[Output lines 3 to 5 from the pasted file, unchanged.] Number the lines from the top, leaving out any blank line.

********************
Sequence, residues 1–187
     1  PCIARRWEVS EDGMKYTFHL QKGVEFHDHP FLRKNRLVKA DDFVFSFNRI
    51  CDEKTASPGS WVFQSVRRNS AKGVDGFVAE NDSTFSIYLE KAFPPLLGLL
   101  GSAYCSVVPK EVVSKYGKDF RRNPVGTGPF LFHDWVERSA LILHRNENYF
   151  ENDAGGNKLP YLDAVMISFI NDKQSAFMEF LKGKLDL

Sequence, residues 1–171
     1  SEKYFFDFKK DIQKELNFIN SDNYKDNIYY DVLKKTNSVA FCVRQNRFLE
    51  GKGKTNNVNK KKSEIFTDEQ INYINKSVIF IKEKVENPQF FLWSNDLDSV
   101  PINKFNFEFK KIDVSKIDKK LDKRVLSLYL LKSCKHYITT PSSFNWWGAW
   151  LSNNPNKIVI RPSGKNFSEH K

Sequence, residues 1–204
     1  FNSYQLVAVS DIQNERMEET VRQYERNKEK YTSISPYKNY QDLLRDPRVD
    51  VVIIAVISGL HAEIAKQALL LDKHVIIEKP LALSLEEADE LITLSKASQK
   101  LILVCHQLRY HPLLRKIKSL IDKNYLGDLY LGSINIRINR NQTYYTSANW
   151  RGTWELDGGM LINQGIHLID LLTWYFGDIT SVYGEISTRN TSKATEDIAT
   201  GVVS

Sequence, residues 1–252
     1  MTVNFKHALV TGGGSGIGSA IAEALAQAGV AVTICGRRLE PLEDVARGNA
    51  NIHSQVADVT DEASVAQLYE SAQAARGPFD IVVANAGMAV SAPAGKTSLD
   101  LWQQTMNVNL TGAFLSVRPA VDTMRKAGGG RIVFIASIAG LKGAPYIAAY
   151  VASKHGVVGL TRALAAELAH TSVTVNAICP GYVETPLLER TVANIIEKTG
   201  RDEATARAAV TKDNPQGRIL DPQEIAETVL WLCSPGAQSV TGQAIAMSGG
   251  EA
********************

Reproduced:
    51  CDEKTASPGS WVFQSVRRNS AKGVDGFVAE NDSTFSIYLE KAFPPLLGLL
   101  GSAYCSVVPK EVVSKYGKDF RRNPVGTGPF LFHDWVERSA LILHRNENYF
   151  ENDAGGNKLP YLDAVMISFI NDKQSAFMEF LKGKLDL